C. J. Cherryh

Carolyn Janice Cherry (born September 1, 1942), better known by the pen name C. J. Cherryh, is an American writer of speculative fiction. She has written more than 80 books since the mid-1970s, including the Hugo Award-winning novels Downbelow Station (1981) and Cyteen (1988), both set in her Alliance-Union universe. She is known for "world building," depicting fictional realms with great realism supported by vast research in history, language, psychology, and archeology. Her series of fantasy novels set in the Alliance-Union universe, the Morgaine Stories, have sold in excess of 3 million copies.

Cherryh (pronounced "Cherry") appended a silent "h" to her real name because her first editor, Donald A. Wollheim, felt that "Cherry" sounded too much like a romance writer.[3] Her initials, C.J., were used to disguise the fact that she was female at a time when the majority of science fiction authors were male.[4]

The author has an asteroid, 77185 Cherryh, named after her. Referring to this honor, the asteroid's discoverers wrote of Cherryh: "She has challenged us to be worthy of the stars by imagining how mankind might grow to live among them."[5] Cherryh was the Guest of Honor at FenCon IX in Dallas/Fort Worth on September 21–23, 2012.[6]

C. J. Cherryh
Cherryh at NorWesCon in 2006
Cherryh at NorWesCon in 2006
BornCarolyn Janice Cherry
September 1, 1942 (age 76)
St. Louis, Missouri, United States
Pen nameC. J. Cherryh
OccupationNovelist, short story author, essayist, high school teacher
NationalityAmerican
Period1976–
GenreScience fiction, fantasy
Notable worksAlliance–Union universe, Foreigner universe
Notable awardsHugo Award, Locus Award
SpouseJane Fancher (2014–present)[1][2]
Website
cherryh.com

Biography

Cherryh was born in 1942 in St. Louis, Missouri and raised primarily in Lawton, Oklahoma. She began writing stories at the age of ten when she became frustrated with the cancellation of her favorite TV show, Flash Gordon. In 1964, she received a Bachelor of Arts degree in Latin from the University of Oklahoma (Phi Beta Kappa), with academic specializations in archaeology, mythology, and the history of engineering. In 1965, she received a Master of Arts degree in classics from Johns Hopkins University in Baltimore, Maryland, where she was a Woodrow Wilson fellow.

After graduation, Cherryh taught Latin, Ancient Greek, the classics, and ancient history at John Marshall High School in the Oklahoma City public school system. While her job was teaching Latin, her passion was the history, religion, and culture of Rome and Ancient Greece. During the summers, she would conduct student tours of the ancient ruins in England, France, Spain, and Italy. In her spare time, she would write, using the mythology of Rome and Greece as plots for her stories of the future. Cherryh did not follow the professional path typical of science fiction writers at the time, which was to first publish short stories in science fiction and fantasy magazines and then progress to novels. In contrast, she did not consider writing short stories until she had had several novels published.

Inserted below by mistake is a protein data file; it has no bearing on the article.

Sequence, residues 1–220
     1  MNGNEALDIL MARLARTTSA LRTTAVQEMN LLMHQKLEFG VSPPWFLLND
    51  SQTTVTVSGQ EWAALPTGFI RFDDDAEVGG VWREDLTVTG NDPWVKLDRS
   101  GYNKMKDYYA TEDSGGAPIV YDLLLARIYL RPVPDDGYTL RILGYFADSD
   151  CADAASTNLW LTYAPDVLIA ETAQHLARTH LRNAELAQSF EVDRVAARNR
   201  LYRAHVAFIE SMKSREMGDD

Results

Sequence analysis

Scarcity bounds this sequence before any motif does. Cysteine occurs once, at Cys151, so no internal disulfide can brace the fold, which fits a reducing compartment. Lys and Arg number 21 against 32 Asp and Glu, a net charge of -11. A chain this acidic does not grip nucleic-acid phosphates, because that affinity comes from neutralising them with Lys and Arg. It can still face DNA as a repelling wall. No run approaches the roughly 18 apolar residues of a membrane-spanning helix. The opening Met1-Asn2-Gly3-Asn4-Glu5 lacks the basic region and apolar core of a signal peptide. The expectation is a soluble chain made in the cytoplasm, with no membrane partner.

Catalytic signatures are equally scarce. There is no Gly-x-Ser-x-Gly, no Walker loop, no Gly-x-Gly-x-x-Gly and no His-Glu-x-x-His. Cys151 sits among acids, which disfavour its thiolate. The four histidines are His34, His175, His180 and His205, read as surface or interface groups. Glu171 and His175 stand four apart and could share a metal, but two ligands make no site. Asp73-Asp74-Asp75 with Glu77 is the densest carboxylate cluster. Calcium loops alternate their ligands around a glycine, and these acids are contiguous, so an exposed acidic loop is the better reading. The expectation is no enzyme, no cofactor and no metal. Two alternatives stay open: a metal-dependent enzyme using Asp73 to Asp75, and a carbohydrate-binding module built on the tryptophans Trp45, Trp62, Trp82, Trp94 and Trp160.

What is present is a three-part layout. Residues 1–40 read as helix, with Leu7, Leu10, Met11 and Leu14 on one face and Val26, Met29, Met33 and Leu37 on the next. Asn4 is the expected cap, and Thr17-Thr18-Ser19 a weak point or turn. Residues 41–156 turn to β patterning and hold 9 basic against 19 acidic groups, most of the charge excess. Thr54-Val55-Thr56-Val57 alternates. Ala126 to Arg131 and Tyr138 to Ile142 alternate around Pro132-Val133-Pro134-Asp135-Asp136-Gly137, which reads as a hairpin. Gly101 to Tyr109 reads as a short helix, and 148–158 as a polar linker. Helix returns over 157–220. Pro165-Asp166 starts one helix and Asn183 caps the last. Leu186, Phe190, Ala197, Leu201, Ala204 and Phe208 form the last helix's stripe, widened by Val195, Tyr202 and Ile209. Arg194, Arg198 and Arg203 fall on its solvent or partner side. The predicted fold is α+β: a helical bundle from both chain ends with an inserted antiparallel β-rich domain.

Cherryh wrote novels in her spare time away from teaching and submitted these manuscripts directly for publication. Initially, she met with little success; indeed various publishers lost manuscripts she had submitted. She was thus forced to retype them from her own carbon copies, time-consuming but cheaper than paying for photocopying. (Using carbon paper to make at least one copy of a manuscript was standard practice until the advent of the personal computer.)

Cherryh's breakthrough came in 1975 when Donald A. Wollheim purchased the two manuscripts she had submitted to DAW Books, Gate of Ivrel and Brothers of Earth. Cherryh stated in an interview on Amazing Stories,

It was the first time a book really found an ending and really worked, because I had made contact with Don Wollheim at DAW, found him interested, and was able to write for a specific editor whose body of work and type of story I knew. It was a good match. It was a set of characters I'd invented when I was, oh, about thirteen. So it was an old favorite of my untold stories, and ended up being the first in print.[7]

The two novels were published in 1976, Gate of Ivrel preceding Brothers of Earth by several months (although she had completed and submitted Brothers of Earth first). The books won her immediate recognition and the John W. Campbell Award for Best New Writer in 1977.

Although not all of her works have been published by DAW Books, during this early period Cherryh developed a strong relationship with the Wollheim family and their publishing company, frequently traveling to New York City and staying with the Wollheims in their Queens family home. Other companies that have published her novels include Baen Books, HarperCollins, Warner Books, and Random House (under its Del Rey Books imprint). She published six additional novels in the late 1970s.

In 1979, her short story "Cassandra" won the Best Short Story Hugo, and she quit teaching to write full-time. She has since won the Hugo Award for Best Novel twice, first for Downbelow Station in 1982 and then again for Cyteen in 1989.